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The Comet and the Cosmic Beehive
In mid-October, the comet C/2013 A1 (Siding Spring) will have a very close encounter with Mars. It will pass just over 130,000 kilometers from the Red Planet; while engineers have been working to make sure our spacecraft are safe from debris, scientists are eager to gather data about the comet using those same spacecraft.
In the meantime, the comet has become a favorite for astrophotographers, because it’s relatively bright and has been passing by one astronomical gem after another. Marco Lorenzi is one such astrophotographer. He has a remotely operated observatory outside of Coonabarabran, Australia, and on Aug. 30, 2014, took this stunning shot of the comet as it passed by one of the most beautiful objects in the sky: the globular cluster 47 Tuc.
Crikey! 47 Tuc is one of the largest globulars in the sky, a million or so stars packed into a sphere held together by their own gravity. You can spot a few other clusters dotting the images as well.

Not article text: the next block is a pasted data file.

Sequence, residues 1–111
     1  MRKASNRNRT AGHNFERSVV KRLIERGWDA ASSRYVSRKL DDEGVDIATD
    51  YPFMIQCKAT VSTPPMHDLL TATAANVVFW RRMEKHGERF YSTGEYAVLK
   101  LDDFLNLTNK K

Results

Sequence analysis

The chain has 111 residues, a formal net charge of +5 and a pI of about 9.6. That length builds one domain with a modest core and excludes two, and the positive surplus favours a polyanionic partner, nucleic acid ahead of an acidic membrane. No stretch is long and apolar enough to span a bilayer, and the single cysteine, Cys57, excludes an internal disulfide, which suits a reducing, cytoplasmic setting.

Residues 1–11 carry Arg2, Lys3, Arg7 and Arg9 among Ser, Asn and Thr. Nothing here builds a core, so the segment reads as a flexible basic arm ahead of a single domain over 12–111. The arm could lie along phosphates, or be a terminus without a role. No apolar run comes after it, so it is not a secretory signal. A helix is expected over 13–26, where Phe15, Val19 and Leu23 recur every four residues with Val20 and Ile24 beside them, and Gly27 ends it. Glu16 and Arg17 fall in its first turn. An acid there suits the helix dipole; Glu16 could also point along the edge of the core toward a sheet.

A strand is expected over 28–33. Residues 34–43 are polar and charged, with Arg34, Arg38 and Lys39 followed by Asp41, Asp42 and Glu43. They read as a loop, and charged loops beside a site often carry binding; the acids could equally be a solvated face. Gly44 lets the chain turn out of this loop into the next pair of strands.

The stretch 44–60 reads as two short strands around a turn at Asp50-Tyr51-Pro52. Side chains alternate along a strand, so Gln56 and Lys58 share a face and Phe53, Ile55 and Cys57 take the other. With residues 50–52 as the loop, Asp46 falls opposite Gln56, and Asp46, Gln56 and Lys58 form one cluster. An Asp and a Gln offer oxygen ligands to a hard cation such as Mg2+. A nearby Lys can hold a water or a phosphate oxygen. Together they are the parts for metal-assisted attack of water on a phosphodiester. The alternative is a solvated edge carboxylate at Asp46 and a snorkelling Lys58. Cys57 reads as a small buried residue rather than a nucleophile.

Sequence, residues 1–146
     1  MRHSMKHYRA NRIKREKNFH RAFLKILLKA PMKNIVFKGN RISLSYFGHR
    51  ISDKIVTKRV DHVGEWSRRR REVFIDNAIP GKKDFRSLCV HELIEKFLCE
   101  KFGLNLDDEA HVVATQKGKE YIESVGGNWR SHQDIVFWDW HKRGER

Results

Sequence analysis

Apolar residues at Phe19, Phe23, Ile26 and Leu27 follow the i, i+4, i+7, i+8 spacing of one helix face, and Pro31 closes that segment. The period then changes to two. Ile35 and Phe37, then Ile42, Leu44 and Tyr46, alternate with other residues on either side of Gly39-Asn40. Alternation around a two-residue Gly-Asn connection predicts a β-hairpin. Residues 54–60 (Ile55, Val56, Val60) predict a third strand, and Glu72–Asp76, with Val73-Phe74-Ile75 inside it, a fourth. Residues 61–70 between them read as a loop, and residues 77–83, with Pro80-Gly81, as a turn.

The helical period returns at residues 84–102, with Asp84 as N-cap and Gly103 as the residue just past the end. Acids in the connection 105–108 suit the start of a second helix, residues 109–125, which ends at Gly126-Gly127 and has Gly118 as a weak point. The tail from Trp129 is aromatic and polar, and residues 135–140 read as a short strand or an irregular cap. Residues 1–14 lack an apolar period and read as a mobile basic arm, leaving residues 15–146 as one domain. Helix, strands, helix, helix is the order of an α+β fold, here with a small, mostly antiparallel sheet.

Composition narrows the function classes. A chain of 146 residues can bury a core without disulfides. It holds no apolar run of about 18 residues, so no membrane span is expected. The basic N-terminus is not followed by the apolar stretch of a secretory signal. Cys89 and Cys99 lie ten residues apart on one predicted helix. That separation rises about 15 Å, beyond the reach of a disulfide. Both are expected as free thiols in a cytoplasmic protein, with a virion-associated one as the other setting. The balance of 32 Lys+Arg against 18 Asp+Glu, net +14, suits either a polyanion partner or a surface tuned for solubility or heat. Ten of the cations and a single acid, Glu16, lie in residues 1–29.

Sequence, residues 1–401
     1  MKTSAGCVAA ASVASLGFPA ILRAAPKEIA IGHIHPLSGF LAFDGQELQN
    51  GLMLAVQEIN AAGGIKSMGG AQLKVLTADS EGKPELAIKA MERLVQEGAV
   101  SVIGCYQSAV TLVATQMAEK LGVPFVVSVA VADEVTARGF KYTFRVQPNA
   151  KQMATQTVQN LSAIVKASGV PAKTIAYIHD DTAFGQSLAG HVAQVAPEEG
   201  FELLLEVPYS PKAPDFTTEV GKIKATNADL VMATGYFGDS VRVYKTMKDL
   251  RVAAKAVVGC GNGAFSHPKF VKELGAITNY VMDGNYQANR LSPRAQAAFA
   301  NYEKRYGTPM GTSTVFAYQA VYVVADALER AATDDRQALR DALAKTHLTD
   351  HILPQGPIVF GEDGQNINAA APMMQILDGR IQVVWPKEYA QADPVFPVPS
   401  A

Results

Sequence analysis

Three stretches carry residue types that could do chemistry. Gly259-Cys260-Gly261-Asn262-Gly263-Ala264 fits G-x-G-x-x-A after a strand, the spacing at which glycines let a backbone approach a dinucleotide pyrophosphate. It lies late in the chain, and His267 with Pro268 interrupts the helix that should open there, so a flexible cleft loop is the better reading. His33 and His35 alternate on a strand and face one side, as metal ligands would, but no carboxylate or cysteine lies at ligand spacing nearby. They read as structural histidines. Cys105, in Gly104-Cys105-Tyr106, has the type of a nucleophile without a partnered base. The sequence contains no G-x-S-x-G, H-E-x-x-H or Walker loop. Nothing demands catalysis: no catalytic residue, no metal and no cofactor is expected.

Lorenzi had to be a bit tricky to get this shot. The cluster requires long exposures, but during those the comet moves so much it would get smeared out. So he took a series of long exposures for the cluster and short ones for the comet, combining them in such a way that it faithfully represents what the scene looked like (the method he used is outlined here). Clever.
And, of course, quite beautiful. Incredibly, I had to shrink it to fit the blog; click it for the full 2,200 x 2,200 version. And even then, Lorenzi told me this is only a small part of the full frame he took! Yikes.
I suspect I’ll be running more pictures by him in the future, because wow. In the meantime check out some of the other amazing pictures he’s taken. You won’t regret it.